A Minnesota prison locked down after about a 100 prisoners refused to return to their cells. Inmate advocates say they were fed up with excessive heat, unclean drinking water and limited access to showers. A new Texas law says drunk drivers must pay child support if they kill a parent or guardian in an intoxication manslaughter conviction. Now, this applies to motor vehicles, aircrafts, boats and amusement rides.

The search for an escaped killer intensifying this morning, we're going to bring you up-to-speed on this manhunt. And what legal strategies may be in the works for Donald Trump and his former Chief of Staff Mark Meadows?



CULVER: Any day now, we're expecting to learn if former Trump Chief of Staff Mark Meadows' bid to move his case from state to federal court will be successful. Meadows took to the stand last week testifying for more than three hours about his job at the White House, and how his alleged actions were all part of his official government duties.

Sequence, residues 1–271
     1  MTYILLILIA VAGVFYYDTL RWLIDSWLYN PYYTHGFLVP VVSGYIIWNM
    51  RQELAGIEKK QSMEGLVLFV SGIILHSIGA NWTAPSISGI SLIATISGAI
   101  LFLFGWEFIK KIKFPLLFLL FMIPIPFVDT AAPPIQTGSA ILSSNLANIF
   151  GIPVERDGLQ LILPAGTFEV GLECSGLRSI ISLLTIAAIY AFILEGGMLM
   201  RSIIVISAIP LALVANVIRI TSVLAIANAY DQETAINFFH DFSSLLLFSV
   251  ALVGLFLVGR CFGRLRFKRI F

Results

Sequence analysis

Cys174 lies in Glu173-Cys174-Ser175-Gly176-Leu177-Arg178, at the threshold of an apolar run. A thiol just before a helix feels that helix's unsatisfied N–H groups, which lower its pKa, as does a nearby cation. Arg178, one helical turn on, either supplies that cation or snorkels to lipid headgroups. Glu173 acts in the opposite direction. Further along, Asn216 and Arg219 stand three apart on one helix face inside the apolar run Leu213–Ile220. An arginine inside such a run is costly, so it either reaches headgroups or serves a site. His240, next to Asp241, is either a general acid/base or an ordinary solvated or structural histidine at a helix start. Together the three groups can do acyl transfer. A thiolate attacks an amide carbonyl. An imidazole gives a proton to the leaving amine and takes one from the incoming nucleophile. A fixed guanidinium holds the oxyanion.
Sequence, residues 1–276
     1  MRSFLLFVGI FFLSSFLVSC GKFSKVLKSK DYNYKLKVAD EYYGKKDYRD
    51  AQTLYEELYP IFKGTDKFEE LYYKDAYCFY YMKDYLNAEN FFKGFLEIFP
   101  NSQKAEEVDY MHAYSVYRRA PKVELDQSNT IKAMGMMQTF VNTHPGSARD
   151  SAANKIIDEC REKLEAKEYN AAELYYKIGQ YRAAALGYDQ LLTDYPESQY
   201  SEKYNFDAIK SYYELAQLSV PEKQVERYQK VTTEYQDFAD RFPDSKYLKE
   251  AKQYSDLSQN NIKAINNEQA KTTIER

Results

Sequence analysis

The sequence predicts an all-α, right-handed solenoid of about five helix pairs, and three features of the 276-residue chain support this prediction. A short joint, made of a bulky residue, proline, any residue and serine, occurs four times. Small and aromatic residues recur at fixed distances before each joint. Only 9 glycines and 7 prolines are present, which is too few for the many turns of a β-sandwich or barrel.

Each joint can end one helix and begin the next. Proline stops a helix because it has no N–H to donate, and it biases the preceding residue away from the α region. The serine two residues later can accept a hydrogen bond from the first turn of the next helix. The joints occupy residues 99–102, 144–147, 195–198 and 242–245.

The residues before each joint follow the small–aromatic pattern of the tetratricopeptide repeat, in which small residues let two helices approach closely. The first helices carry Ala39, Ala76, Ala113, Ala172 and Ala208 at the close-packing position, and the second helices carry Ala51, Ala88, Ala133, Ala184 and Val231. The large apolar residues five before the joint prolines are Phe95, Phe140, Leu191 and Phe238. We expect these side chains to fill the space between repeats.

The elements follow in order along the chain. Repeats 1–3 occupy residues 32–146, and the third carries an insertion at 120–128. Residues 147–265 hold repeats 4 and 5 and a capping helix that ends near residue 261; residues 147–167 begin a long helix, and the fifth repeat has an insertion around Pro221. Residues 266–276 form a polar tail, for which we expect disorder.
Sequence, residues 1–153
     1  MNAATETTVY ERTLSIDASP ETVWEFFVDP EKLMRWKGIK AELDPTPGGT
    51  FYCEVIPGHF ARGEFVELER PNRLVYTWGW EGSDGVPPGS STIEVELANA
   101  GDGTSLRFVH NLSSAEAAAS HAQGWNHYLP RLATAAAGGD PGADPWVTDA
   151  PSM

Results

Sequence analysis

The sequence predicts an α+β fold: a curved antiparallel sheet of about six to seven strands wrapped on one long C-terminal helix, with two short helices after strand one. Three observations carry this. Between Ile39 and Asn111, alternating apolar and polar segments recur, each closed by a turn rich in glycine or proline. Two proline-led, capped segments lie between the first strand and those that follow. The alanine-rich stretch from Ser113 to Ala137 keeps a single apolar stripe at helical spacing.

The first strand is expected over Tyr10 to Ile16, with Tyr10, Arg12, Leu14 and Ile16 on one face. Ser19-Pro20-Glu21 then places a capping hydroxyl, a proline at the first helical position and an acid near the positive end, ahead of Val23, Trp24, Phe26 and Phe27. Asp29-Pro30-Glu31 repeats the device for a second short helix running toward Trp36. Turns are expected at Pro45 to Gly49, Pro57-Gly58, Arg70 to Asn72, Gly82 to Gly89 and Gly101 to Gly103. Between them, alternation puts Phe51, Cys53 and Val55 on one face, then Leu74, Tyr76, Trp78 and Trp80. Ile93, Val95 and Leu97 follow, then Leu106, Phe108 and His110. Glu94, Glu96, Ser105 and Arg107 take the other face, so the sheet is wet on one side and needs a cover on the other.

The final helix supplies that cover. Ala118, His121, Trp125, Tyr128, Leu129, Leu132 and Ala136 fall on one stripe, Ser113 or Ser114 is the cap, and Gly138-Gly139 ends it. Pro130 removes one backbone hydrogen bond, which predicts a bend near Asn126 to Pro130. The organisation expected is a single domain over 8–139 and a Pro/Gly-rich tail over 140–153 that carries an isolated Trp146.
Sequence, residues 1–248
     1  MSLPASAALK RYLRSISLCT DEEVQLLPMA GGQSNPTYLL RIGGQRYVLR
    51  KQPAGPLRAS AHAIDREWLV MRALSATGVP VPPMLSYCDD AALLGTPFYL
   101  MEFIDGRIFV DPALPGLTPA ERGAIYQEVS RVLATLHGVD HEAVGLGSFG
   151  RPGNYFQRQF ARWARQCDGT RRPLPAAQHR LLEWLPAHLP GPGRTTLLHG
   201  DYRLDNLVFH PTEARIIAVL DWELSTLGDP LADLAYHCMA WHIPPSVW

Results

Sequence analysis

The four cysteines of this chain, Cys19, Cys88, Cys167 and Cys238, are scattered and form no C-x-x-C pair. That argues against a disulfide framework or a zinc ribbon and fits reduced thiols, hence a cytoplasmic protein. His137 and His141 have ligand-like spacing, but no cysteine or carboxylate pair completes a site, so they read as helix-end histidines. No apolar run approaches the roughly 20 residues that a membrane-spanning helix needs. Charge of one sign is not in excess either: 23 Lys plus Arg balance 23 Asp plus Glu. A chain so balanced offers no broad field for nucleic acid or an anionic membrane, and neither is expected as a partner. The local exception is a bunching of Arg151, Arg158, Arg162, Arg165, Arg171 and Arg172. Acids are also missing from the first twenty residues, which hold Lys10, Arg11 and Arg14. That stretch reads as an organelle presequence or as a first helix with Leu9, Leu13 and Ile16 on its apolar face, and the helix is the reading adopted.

Let's bring in former Manhattan prosecutor Jeremy Saland. Jeremy, good morning, thanks for being with us. Let's start with Meadows' move here and his desire to get this case moved -- it's actually from state to federal court. Can you walk us through what legal arguments his team is making to push forward on this?

JEREMY SALAND, FORMER MANHATTAN PROSECUTOR: Absolutely, and first, I think it's important for people to understand when something is removed from state to federal court, it's still the applicable state criminal code that controls -- although, it will be federal procedure, and prosecutors from the state, meaning DA Willis' team will still be prosecuting the case.